We all know what happened at the U.S. Capitol on Wednesday this week. Over the past two days commentators have remarked repeatedly that the last time invaders stormed the Capitol was during the War of 1812. I was aware of this fact because of all the research I did for my historical romance Dawn’s Early Light (first published 1993). The story takes place outside Baltimore and inside Washington D.C. in August, 1814.
Washington Post opinion writer Eugene Robinson wrote yesterday: “Not since British Major Gen. Robert Ross set fire to the president’s residence and the Capitol building in 1814 have we seen such a scene at the hallowed citadel of our democracy, as an angry and disillusioned mob — whipped into a frenzy by Trump himself — forced its way into the Capitol to disrupt the official certification of Trump’s electoral defeat” (emphasis mine).
For the full op-ed, see: We Just Saw an Attempted Coup d’Etat
I don’t write about politics in my blog. (I have to point this out when something politically newsworthy happens to intersect with topics relevant to my blog). In the present case, British Major General Robert Ross is a character in Dawn’s Early Light. And, yes, in my story he does exactly what Eugene Robinson says he does.
I invoke my historical portrayal of the burning of Capitol in the context of the point Timothy Snyder makes in On Tyranny (2017). “It is a primary American tradition to consider history when our political order seems imperiled” (page 7).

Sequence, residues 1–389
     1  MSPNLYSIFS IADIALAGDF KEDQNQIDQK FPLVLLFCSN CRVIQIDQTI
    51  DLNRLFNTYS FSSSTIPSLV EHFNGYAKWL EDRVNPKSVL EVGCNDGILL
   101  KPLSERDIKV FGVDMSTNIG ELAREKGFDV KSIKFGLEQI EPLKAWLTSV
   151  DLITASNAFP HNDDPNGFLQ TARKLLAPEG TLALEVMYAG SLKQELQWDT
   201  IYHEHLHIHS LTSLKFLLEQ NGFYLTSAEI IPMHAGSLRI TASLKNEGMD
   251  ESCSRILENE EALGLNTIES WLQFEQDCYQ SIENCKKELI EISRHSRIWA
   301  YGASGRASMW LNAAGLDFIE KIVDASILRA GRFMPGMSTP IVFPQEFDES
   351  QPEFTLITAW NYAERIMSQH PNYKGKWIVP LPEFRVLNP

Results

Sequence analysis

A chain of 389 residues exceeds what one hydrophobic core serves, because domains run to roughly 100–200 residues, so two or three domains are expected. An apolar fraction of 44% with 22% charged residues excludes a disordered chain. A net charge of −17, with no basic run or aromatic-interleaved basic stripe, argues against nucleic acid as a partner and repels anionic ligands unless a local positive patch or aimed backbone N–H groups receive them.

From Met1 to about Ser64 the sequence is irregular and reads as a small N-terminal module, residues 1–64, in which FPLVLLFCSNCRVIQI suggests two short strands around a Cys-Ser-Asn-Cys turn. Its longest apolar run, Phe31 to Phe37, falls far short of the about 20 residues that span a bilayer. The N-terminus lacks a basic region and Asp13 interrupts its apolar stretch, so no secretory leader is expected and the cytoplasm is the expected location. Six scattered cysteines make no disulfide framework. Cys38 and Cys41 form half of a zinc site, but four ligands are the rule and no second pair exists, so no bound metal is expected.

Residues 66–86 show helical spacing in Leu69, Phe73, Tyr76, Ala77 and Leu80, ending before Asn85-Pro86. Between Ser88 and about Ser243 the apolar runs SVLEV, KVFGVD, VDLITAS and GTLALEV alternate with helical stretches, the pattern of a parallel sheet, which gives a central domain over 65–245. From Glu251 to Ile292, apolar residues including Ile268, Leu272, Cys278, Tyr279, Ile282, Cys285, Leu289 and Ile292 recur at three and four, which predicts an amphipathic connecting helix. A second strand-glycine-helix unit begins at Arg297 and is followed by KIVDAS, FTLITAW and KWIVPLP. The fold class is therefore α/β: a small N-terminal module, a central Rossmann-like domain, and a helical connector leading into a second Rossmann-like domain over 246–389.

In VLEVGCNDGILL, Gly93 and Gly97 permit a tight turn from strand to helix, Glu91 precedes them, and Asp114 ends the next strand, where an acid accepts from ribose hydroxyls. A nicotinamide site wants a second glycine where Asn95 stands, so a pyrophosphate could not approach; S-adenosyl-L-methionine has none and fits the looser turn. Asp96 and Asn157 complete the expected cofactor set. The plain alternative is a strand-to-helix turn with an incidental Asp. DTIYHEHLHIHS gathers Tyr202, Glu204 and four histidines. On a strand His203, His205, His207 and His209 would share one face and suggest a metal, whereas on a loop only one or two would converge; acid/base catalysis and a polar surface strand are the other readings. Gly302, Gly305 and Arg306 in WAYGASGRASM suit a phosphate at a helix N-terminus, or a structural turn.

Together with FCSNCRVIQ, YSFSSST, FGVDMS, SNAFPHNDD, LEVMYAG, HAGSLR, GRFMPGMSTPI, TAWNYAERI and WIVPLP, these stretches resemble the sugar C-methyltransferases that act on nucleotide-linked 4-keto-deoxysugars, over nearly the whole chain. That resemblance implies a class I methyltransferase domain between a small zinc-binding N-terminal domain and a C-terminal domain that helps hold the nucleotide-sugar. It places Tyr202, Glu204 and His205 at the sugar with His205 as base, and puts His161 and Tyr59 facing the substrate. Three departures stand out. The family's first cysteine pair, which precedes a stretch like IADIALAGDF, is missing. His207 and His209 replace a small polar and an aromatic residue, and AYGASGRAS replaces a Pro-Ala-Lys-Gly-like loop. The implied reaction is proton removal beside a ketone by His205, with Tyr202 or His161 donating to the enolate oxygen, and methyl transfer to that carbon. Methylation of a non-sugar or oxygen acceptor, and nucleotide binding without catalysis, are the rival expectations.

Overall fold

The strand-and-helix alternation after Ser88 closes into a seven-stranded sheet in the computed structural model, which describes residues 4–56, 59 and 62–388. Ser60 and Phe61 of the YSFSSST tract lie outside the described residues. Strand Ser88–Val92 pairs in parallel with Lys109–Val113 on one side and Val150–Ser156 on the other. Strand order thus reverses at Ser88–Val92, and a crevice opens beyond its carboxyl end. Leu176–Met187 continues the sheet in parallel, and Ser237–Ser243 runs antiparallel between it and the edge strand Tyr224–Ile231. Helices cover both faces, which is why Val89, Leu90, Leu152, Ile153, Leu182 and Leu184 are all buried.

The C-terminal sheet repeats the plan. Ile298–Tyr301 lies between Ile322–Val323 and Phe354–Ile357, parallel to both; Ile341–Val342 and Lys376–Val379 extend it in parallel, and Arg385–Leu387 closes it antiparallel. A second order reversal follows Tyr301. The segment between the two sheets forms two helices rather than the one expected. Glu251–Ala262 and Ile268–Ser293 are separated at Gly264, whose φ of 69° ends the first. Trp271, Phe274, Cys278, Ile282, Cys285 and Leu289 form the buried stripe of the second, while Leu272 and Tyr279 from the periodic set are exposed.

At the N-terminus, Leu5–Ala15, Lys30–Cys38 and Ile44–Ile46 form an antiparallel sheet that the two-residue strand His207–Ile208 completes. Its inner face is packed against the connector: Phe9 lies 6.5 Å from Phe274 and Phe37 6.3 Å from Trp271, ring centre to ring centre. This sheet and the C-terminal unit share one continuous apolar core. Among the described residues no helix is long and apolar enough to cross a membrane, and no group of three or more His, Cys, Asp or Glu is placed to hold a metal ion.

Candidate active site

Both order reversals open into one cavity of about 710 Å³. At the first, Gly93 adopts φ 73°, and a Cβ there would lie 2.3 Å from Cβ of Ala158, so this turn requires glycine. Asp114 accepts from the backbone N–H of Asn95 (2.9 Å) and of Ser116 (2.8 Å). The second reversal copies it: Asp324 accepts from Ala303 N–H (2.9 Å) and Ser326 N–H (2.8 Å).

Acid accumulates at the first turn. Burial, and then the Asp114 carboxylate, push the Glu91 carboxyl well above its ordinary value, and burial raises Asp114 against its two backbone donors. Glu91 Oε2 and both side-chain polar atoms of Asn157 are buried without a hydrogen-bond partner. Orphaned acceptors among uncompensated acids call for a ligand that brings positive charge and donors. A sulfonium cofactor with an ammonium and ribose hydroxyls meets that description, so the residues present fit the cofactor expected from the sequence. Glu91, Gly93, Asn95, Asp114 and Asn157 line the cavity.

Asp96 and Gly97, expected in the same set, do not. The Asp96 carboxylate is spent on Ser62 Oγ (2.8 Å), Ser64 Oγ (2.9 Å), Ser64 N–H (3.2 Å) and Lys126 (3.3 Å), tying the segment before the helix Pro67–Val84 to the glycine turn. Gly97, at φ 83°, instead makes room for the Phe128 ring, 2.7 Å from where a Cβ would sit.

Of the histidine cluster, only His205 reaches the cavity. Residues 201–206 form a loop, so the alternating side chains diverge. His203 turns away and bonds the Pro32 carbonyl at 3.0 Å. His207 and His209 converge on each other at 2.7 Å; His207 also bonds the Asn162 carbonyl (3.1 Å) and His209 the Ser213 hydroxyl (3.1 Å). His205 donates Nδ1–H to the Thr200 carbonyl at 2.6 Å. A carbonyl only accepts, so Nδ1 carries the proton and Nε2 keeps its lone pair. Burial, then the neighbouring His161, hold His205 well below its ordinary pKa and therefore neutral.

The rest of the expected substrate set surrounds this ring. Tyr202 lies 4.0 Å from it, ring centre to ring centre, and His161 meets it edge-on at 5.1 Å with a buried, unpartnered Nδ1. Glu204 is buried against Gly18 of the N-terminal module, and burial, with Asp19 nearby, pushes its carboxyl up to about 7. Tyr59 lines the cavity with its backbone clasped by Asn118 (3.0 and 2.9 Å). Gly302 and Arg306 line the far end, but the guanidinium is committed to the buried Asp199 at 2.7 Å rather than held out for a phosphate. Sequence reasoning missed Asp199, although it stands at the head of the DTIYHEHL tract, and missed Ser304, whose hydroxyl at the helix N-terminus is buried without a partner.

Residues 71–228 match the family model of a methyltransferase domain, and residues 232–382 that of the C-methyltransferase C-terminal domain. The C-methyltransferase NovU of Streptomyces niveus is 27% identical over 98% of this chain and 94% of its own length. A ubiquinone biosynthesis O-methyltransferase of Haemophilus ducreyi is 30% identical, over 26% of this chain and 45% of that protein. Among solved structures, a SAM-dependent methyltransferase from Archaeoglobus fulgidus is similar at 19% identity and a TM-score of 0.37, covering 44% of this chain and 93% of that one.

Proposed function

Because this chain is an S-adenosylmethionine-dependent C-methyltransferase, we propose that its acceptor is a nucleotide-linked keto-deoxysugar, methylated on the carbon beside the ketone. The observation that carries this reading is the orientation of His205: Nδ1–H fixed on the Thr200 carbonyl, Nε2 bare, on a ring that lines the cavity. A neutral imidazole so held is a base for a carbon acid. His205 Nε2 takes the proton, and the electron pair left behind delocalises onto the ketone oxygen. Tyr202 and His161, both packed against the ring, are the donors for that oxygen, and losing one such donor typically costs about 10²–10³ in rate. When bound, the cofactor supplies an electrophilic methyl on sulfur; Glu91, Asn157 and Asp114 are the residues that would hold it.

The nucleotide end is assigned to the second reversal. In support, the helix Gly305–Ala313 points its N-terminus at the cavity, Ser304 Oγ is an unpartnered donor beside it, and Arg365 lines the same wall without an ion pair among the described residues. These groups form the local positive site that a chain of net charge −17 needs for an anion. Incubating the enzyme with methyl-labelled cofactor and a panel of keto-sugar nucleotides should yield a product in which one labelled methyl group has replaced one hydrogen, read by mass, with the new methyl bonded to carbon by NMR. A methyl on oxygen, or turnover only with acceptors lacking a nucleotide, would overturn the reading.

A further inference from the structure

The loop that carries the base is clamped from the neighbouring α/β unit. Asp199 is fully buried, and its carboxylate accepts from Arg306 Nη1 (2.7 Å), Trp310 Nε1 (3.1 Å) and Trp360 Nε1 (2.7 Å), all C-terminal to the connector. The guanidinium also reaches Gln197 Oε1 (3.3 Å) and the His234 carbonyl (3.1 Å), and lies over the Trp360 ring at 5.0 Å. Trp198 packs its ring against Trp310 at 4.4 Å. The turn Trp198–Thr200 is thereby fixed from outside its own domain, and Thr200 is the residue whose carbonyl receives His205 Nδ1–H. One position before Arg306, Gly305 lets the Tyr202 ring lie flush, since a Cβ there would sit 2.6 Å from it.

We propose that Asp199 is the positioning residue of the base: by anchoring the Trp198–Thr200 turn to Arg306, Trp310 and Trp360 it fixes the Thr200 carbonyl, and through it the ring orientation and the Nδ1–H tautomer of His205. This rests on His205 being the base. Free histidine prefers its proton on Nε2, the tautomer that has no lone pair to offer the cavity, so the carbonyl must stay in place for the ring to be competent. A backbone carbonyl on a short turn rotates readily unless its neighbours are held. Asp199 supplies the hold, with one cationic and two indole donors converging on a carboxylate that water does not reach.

Dawn’s Early Light: The Story
The book blurb: Jane Bennet is vexed with impertinent British solider James Stewart. He has an uncanny knack for turning up at the most inopportune times. Usually when she’s half-dressed. However, the truth of her activities becomes as hard to hide from him as her womanly charms are proving to be. Thus, putting in jeopardy her secret cause. Nothing less than the fate of the fledgling United States is at stake.
All characters in the story are fictional, except for Major General Ross. Obviously, I took poetic license in fictionalizing this historical figure.
What’s my point here? It is too much to hope that the rioters at the Capitol on Wednesday might have behaved differently if they had a better grasp – any grasp – on this country’s history. At the same time, over the last four years I’ve become aware of my own shortcomings. How I’ve either been ignorant of – or taken for granted – many of this country’s laws, norms and history. How I need to become a better informed citizen.
I like to get my history from history books and then scaffold a story around some fascinating or important incident. In whatever form you like to get your history, you might start with the period 1812-1814.
Dawn’s Early Light: Two Points of Information
One. Today we call it The War of 1812 . At the time they called it The Second War for Independence.
Two. For my international readers the phrase “dawn’s early light” is from the American national anthem. The Star-Spangled Banner commemorates what happened at Fort McHenry outside Baltimore in August, 1814. The anthem has a difficult melody. With equally difficult lyrics that form of one, long question.
This post was written by Julie Tetel Andresen